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Wednesday, March 31, 2021

CMO Message - All About Kidneys

The kidneys are the unsung heroes of keeping our bodies functioning properly. Every 30 minutes, these fist-sized organs filter all our blood to remove waste, toxins, and excess fluid. They are also important for controlling blood pressure, red blood cell production, bone health, and electrolyte and mineral balance. Kidney disease might not get as much attention as heart attacks, strokes, and cancer. However, kidney failure is life-threatening and can lead to heart disease, stroke, anemia, weakened bones, dangerous changes in electrolyte levels, decreased immunity, and impaired consciousness. In the last stage of kidney disease when they stop working, people might need dialysis or kidney transplant in order to survive.

The two most common causes of kidney disease are diabetes and high blood pressure. Because these conditions are so prevalent, kidney disease actually affects 1 out of 7 Americans and many might not even know it. After years of these conditions, your kidneys can deteriorate but you might not experience any symptoms until the damage is severe. That’s why it’s so important to ask your doctor whether you should be screened for kidney disease, especially if you have any chronic conditions or family history of kidney disease. In addition, if you have any symptoms like blood in your urine, problems with urination, or swelling of your ankles or legs, these could be signs of kidney issues so talk to your healthcare provider or call our UnitedAg Health & Wellness Centers.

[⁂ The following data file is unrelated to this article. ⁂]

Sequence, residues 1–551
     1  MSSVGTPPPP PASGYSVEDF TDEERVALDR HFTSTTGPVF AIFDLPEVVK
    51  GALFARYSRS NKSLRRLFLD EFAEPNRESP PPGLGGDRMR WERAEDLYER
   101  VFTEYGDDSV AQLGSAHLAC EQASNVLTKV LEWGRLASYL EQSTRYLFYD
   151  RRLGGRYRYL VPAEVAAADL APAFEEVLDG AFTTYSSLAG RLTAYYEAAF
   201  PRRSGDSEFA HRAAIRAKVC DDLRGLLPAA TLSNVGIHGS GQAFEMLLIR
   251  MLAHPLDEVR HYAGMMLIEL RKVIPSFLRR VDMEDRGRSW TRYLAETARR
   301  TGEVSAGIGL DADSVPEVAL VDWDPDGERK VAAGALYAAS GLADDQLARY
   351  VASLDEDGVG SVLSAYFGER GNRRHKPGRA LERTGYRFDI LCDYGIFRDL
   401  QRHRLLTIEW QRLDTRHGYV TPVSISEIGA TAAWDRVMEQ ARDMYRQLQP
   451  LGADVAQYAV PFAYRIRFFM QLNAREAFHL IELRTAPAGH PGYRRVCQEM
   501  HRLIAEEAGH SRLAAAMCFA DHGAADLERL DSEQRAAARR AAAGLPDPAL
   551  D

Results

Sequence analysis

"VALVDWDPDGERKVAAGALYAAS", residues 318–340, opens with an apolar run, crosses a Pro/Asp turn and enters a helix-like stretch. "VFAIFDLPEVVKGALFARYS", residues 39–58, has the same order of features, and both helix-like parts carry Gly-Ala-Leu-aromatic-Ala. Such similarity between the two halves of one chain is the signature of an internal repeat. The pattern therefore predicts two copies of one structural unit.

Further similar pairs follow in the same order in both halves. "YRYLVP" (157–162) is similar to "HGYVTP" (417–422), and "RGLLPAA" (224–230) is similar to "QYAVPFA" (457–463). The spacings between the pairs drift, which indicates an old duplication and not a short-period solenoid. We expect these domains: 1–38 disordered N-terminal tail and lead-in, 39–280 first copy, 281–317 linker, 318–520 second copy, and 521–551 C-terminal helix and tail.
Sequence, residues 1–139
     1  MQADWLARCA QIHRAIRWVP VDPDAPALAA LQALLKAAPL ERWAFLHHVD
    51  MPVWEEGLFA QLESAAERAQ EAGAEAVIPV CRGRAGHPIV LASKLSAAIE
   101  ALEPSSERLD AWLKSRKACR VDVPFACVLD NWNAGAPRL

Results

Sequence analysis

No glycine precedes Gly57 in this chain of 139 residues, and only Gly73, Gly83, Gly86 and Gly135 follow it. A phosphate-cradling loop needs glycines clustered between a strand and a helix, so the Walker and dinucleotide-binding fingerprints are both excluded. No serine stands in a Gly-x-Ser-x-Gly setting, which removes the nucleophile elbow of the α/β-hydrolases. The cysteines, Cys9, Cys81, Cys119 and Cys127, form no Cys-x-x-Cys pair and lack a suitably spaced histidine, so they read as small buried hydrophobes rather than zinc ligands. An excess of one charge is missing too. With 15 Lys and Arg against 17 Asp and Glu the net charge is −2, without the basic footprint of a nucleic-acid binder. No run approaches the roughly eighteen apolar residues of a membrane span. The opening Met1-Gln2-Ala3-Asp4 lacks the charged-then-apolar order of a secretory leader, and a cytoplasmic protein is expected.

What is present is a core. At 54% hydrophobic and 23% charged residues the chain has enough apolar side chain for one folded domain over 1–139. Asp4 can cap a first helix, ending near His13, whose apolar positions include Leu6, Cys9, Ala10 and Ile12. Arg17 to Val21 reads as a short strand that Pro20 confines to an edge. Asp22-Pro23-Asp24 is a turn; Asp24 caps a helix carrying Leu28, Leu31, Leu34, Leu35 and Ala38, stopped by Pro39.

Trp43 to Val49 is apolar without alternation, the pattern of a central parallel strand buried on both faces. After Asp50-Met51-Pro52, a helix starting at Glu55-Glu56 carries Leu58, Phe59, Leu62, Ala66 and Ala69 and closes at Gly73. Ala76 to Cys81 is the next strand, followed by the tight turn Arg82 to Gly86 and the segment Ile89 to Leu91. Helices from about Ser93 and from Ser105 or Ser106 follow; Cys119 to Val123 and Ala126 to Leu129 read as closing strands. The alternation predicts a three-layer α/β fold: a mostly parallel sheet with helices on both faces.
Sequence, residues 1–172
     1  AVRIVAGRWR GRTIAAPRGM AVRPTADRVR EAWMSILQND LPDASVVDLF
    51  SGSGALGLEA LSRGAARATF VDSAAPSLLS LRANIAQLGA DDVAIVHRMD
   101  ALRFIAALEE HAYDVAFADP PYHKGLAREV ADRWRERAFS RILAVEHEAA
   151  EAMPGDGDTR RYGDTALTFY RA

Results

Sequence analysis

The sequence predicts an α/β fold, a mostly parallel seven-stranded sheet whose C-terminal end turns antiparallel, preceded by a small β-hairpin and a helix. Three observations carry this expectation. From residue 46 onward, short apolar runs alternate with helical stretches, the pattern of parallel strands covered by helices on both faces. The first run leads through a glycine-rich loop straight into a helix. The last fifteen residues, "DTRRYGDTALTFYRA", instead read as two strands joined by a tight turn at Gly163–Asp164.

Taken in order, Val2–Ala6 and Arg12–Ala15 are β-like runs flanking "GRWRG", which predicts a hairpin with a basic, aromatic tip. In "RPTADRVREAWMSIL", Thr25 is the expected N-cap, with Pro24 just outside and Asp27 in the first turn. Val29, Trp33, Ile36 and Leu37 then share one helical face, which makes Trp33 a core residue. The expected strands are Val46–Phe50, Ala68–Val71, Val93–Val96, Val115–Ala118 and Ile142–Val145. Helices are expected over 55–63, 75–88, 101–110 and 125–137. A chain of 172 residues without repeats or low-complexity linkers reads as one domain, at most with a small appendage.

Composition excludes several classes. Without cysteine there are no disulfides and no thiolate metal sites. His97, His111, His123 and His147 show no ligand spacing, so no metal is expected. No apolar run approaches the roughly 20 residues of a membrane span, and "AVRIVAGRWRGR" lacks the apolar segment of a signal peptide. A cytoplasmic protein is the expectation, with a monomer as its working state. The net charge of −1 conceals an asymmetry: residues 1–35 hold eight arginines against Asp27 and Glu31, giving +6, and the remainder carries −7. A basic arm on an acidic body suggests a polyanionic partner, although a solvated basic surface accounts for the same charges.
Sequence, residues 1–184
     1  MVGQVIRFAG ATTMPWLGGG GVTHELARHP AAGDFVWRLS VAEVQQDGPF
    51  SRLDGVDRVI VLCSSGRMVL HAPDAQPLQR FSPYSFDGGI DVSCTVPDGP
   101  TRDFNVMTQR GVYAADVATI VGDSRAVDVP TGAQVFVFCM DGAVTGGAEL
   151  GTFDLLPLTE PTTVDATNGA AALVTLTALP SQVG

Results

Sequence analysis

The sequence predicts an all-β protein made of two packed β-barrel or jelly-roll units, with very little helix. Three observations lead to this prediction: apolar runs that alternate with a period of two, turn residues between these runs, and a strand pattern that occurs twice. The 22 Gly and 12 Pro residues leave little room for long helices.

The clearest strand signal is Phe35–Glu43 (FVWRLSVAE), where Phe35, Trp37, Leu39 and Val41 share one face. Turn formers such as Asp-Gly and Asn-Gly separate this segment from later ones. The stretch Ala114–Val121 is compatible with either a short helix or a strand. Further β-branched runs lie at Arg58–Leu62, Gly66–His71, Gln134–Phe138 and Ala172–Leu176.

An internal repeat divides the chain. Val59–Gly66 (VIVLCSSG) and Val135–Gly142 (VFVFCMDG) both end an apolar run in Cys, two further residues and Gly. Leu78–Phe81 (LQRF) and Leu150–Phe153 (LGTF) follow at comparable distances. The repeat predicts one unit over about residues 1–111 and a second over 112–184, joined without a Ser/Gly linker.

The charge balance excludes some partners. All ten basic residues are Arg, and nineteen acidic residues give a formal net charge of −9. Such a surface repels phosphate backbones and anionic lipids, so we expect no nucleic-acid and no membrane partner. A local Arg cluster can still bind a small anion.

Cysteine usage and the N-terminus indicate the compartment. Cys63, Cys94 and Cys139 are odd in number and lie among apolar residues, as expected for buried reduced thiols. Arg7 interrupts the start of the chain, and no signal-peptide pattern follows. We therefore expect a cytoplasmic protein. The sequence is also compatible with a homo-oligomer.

In the earliest stages, kidney disease can be managed and might not necessarily lead to kidney failure requiring dialysis or transplant. Good nutrition, regular physical activity, staying properly hydrated, controlling any chronic health conditions like diabetes and hypertension, and avoiding tobacco and excessive alcohol can keep your kidneys healthy. Our Health & Wellness Centers are here to help you with these lifestyle changes so that you and your kidneys are as healthy as possible.


Author(s)

  • Rosemary Ku, MD/MBA/MPA